If θ is an acute angle such that tan2 θ=87, then the value of (1+sin θ) (1−sin θ )(1+cos θ) (1−cos θ)is


If $\theta$ is an acute angle such that $\tan ^{2} \theta=\frac{8}{7}$, then the value of $\frac{(1+\sin \theta)(1-\sin \theta)}{(1+\cos \theta)(1-\cos \theta)}$ is

(a) $\frac{7}{8}$

(b) $\frac{8}{7}$

(c) $\frac{7}{4}$

(d) $\frac{64}{49}$


Given that: $\tan ^{2} \theta=\frac{8}{7}$ and $\theta$ is an acute angle

We have to find the following expression

$\frac{(1+\sin \theta)(1-\sin \theta)}{(1+\cos \theta)(1-\cos \theta)}$


$\tan ^{2} \theta=\frac{8}{7}$

$\tan \theta=\sqrt{\frac{8}{7}}$

$\tan \theta=\frac{\sqrt{8}}{\sqrt{7}}$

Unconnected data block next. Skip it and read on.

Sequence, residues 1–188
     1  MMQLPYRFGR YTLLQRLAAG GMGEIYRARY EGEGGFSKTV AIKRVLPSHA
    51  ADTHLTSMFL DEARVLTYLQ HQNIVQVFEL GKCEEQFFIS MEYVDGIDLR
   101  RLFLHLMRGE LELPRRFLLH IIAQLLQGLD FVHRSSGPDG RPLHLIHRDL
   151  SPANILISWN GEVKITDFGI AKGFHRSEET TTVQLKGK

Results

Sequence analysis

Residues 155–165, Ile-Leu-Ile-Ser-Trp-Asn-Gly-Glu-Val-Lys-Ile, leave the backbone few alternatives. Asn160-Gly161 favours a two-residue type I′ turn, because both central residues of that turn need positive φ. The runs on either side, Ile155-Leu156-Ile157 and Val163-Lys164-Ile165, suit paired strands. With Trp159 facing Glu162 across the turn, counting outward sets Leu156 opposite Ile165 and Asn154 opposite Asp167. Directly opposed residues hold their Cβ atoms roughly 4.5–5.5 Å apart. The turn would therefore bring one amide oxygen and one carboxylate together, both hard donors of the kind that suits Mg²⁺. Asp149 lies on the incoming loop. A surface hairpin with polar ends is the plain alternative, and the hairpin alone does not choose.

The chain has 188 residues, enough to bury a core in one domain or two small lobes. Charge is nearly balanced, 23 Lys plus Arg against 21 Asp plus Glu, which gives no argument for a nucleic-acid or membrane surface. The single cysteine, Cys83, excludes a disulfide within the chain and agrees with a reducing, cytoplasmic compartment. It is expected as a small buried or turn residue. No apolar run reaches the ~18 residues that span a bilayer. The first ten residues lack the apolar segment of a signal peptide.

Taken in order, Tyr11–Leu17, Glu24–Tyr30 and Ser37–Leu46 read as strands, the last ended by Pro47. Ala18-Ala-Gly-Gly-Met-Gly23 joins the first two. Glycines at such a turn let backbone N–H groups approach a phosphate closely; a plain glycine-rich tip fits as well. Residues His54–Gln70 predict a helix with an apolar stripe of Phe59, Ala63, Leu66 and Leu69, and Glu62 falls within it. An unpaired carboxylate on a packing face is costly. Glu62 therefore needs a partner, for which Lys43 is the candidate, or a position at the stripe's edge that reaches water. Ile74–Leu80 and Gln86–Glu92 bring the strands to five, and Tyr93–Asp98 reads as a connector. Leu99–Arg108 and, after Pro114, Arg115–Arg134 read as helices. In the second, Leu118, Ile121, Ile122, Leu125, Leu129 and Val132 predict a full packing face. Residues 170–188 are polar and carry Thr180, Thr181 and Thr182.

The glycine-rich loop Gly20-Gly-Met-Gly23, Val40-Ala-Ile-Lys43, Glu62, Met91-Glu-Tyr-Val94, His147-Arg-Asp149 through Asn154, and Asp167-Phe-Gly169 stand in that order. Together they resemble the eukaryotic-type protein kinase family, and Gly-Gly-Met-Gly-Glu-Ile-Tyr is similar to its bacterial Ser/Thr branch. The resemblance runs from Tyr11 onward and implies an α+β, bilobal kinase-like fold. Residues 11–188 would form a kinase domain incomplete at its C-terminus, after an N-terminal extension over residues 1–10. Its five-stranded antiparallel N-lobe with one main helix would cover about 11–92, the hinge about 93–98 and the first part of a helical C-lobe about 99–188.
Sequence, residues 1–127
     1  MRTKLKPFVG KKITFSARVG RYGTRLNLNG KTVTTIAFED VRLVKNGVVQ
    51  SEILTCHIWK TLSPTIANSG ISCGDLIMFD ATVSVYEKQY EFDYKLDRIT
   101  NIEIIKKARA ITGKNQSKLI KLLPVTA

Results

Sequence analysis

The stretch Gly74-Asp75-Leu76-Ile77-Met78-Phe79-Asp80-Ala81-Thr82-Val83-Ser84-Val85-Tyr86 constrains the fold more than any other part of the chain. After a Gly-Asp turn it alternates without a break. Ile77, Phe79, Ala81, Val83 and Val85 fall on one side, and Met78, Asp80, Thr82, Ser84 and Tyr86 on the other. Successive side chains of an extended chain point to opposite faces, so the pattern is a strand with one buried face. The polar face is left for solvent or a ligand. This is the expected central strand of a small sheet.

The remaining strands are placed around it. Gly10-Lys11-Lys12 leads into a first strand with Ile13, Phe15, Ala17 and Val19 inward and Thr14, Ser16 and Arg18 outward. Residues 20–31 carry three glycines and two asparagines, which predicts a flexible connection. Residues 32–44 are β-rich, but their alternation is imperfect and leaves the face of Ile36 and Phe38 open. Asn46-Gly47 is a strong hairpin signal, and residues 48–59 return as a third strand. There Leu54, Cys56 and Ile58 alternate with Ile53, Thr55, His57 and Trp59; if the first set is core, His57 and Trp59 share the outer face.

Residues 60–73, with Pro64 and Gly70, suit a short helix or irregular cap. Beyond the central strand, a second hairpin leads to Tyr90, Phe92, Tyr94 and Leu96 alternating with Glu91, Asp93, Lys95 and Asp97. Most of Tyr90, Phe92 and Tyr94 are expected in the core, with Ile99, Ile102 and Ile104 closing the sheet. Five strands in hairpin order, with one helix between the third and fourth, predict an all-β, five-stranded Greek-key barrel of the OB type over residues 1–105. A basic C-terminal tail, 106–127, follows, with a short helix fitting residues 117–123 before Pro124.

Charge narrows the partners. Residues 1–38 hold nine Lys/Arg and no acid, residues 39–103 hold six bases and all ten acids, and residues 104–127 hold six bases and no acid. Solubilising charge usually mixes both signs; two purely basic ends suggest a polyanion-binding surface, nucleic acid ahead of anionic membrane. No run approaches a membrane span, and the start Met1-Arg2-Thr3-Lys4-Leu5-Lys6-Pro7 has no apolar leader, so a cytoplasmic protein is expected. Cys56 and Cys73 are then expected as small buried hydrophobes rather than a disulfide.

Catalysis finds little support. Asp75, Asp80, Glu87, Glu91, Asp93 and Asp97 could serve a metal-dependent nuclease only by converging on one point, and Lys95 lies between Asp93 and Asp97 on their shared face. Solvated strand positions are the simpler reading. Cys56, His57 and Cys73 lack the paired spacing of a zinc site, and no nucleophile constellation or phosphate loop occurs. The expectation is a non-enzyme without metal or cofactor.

Since $\tan \theta=\frac{\text { Perpendicular }}{\text { Base }}$

$\Rightarrow$ Perpendicular $=\sqrt{8}$

$\Rightarrow$ Base $=\sqrt{7}$

$\Rightarrow$ Hypotenuse $=\sqrt{8+7}$

$\Rightarrow$ Hypotenuse $=\sqrt{15}$

We know that $\sin \theta=\frac{\text { Perpendicular }}{\text { Hypotenuse }}$ and $\cos \theta=\frac{\text { Base }}{\text { Hypotenuse }}$

We find:

$\frac{(1+\sin \theta)(1-\sin \theta)}{(1+\cos \theta)(1-\cos \theta)}$





Hence the correct option is $(a)$

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